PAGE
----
(A) (i) By interrogatories a party may require any other party to identify each person whom the other party expects to call as an expert witness at trial and to state the subject matter on which the expert is expected to testify, and to state the substance of the facts and opinions to which the expert is expected to testify and a summary of the grounds for each opinion.
(ii) Any person disclosed by interrogatories or otherwise as a person expected to be called as an expert witness at trial may be deposed in accordance with rule 12.390 without motion or order of court.
(iii) A party may obtain the following discovery regarding any person disclosed by interrogatories or otherwise as a person expected to be called as an expert witness at trial:
a. The scope of employment in the pending case and the compensation for such service.
b. The expert’s general litigation experience, including the percentage of work performed for petitioners and respondents.
c. The identity of other cases, within a reasonable time period, in which the expert has testified by deposition or at trial.
d. An approximation of the portion of the expert’s involvement as an expert witness, which may be based on the number of hours, percentage of hours, or percentage of earned income derived from serving as an expert witness; however, the expert must not be required to disclose his or her earnings as an expert witness or income derived from other services.
An expert may be required to produce financial and business records only under the most unusual or compelling circumstances and may not be compelled to compile or produce nonexistent documents. On motion, the court may order further discovery by other means, subject to such restrictions as to scope and other provisions under subdivision (c)(5)(C) concerning fees and expenses as the court may deem appropriate.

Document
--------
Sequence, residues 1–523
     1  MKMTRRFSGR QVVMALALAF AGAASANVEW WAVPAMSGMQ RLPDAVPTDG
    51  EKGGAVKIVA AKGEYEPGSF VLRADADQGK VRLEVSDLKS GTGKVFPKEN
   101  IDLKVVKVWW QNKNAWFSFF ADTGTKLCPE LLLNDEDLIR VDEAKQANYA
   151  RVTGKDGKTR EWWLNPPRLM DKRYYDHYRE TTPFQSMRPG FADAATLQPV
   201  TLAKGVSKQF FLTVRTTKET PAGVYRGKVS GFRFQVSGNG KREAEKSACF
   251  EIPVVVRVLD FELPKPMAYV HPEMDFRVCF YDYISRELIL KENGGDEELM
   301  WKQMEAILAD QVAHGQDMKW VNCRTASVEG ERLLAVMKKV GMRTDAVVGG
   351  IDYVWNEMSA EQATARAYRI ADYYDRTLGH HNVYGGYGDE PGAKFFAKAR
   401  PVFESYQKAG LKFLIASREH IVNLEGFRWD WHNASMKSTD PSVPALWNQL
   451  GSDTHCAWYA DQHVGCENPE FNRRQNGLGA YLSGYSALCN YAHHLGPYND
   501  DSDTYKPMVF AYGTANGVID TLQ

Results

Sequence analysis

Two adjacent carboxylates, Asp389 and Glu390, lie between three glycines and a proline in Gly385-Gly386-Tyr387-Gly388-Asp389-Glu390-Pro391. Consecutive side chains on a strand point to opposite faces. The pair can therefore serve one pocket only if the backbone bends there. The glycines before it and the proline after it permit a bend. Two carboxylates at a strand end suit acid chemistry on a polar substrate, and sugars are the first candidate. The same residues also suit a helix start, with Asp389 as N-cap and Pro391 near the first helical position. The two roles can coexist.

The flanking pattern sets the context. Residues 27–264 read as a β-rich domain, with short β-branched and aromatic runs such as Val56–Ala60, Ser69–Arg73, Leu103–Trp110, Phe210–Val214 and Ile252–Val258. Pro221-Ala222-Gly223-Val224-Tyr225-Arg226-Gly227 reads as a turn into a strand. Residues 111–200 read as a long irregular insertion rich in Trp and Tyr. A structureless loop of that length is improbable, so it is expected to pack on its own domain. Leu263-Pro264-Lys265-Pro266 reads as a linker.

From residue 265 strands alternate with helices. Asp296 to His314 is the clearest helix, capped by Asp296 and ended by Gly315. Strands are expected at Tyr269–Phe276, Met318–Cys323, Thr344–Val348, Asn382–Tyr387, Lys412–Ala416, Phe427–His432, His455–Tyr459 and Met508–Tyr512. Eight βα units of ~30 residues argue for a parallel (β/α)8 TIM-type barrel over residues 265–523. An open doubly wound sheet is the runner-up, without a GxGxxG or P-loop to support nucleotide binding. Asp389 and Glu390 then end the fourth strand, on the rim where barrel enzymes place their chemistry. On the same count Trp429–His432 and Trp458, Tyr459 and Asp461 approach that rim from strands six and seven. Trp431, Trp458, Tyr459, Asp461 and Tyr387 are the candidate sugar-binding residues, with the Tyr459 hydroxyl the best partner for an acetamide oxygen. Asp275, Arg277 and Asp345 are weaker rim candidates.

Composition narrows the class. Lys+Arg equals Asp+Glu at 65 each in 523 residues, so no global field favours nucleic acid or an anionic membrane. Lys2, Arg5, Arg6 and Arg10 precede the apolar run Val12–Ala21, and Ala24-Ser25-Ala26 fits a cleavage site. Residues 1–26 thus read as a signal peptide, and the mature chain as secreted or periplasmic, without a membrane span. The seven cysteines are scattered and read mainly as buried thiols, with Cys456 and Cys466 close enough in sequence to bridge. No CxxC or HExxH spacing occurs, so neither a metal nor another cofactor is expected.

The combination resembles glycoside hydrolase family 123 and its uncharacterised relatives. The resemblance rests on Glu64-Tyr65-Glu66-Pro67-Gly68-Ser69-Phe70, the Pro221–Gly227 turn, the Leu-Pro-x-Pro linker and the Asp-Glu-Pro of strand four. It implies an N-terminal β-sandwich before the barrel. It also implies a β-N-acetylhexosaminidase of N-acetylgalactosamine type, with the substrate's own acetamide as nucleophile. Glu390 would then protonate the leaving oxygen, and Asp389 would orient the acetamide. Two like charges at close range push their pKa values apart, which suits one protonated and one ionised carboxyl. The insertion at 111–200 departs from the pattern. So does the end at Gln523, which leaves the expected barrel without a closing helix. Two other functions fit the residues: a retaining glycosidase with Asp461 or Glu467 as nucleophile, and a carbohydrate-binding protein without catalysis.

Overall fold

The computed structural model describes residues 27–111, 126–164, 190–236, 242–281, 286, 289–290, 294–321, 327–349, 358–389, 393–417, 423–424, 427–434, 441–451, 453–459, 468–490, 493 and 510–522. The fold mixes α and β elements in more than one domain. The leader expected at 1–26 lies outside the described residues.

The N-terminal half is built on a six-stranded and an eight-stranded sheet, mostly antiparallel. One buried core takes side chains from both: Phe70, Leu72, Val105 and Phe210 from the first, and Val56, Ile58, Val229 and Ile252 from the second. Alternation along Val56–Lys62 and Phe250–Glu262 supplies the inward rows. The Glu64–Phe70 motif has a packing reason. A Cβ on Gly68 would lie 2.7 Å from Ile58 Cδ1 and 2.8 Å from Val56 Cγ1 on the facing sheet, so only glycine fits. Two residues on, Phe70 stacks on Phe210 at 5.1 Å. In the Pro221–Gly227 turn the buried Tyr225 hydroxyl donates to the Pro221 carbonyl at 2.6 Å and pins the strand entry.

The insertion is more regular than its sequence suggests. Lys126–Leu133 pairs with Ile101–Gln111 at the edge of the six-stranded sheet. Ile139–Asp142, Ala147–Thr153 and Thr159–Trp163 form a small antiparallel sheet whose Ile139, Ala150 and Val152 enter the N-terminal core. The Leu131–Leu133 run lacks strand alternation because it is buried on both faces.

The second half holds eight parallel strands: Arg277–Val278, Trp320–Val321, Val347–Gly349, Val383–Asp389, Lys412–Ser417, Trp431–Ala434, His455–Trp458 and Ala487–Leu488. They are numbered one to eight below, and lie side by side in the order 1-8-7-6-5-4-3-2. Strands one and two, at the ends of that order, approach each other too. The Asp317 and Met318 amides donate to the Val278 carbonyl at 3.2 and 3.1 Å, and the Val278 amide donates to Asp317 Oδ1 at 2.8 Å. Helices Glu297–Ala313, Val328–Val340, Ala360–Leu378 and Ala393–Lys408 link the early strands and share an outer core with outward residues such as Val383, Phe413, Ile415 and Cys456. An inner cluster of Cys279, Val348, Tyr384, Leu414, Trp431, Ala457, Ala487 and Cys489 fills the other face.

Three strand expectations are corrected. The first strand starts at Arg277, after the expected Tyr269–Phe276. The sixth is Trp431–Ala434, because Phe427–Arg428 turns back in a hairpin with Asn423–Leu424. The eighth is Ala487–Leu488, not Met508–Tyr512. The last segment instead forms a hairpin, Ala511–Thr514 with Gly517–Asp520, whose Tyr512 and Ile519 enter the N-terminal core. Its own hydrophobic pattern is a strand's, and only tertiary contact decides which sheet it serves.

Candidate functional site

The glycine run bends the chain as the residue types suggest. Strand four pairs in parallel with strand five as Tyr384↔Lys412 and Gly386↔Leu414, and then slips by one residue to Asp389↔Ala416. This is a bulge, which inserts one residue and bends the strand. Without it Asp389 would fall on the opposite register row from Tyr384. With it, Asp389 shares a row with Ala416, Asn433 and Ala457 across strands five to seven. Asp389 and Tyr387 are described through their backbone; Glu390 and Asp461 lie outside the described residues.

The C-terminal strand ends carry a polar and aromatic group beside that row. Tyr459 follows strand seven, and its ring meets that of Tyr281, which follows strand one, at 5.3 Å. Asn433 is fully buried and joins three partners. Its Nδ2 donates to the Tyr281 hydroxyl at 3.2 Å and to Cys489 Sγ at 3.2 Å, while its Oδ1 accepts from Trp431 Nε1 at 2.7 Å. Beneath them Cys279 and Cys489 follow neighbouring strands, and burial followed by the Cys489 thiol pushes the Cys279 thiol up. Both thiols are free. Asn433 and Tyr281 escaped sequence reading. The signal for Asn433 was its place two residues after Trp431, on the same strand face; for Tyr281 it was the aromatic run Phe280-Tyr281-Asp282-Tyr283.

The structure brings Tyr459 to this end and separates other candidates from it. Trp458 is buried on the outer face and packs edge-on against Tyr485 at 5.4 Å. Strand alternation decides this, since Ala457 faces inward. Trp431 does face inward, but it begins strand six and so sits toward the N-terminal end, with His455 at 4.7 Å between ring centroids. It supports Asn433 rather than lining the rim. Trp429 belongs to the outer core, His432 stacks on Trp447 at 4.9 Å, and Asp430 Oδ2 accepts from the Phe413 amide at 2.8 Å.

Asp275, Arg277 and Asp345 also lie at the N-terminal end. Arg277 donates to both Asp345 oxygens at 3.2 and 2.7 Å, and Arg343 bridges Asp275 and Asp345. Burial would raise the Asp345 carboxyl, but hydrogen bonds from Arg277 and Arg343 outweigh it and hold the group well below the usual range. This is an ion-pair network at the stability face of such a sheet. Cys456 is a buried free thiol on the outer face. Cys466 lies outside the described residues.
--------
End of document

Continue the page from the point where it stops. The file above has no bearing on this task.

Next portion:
(B) A party may discover facts known or opinions held by an expert who has been retained or specially employed by another party in anticipation of litigation or preparation for trial and who is not expected to be called as a witness at trial, only as provided in rule 12.360(b) or on a showing of exceptional circumstances under which it is impracticable for the party seeking discovery to obtain facts or opinions on the same subject by other means.
(C) Unless manifest injustice would result, the court must require that the party seeking discovery pay the expert a reasonable fee for time spent in responding to discovery under subdivisions (c)(5)(A) and (c)(5)(B); and concerning discovery from an expert obtained under subdivision (c)(5)(A) the court may require, and concerning discovery obtained under subdivision (c)(5)(B) must require, the party seeking discovery to pay the other party a fair part of the fees and expenses reasonably incurred by the latter party in obtaining facts and opinions from the expert.
(D) As used in these rules an expert shall be an expert witness as defined in rule 12.390.
(6) Claims of Privilege or Protection of Trial Preparation Materials. When a party withholds information otherwise discoverable under these rules by claiming that it is privileged or subject to protection as trial preparation material, the party must make the claim expressly and must describe the nature of the documents, communications, or things not produced or disclosed in a manner that, without revealing information itself privileged or protected, will enable other parties to assess the applicability of the privilege or protection.
(d) Protective Orders. On motion by a party or by the person from whom discovery is sought, and for good cause shown, the court in which the action is pending may make any order to protect a party or person from annoyance, embarrassment, oppression, or undue burden or expense that justice requires, including one or more of the following:
(1) that the discovery not be had;
(2) that the discovery may be had only on specified terms and conditions, including a designation of the time or place;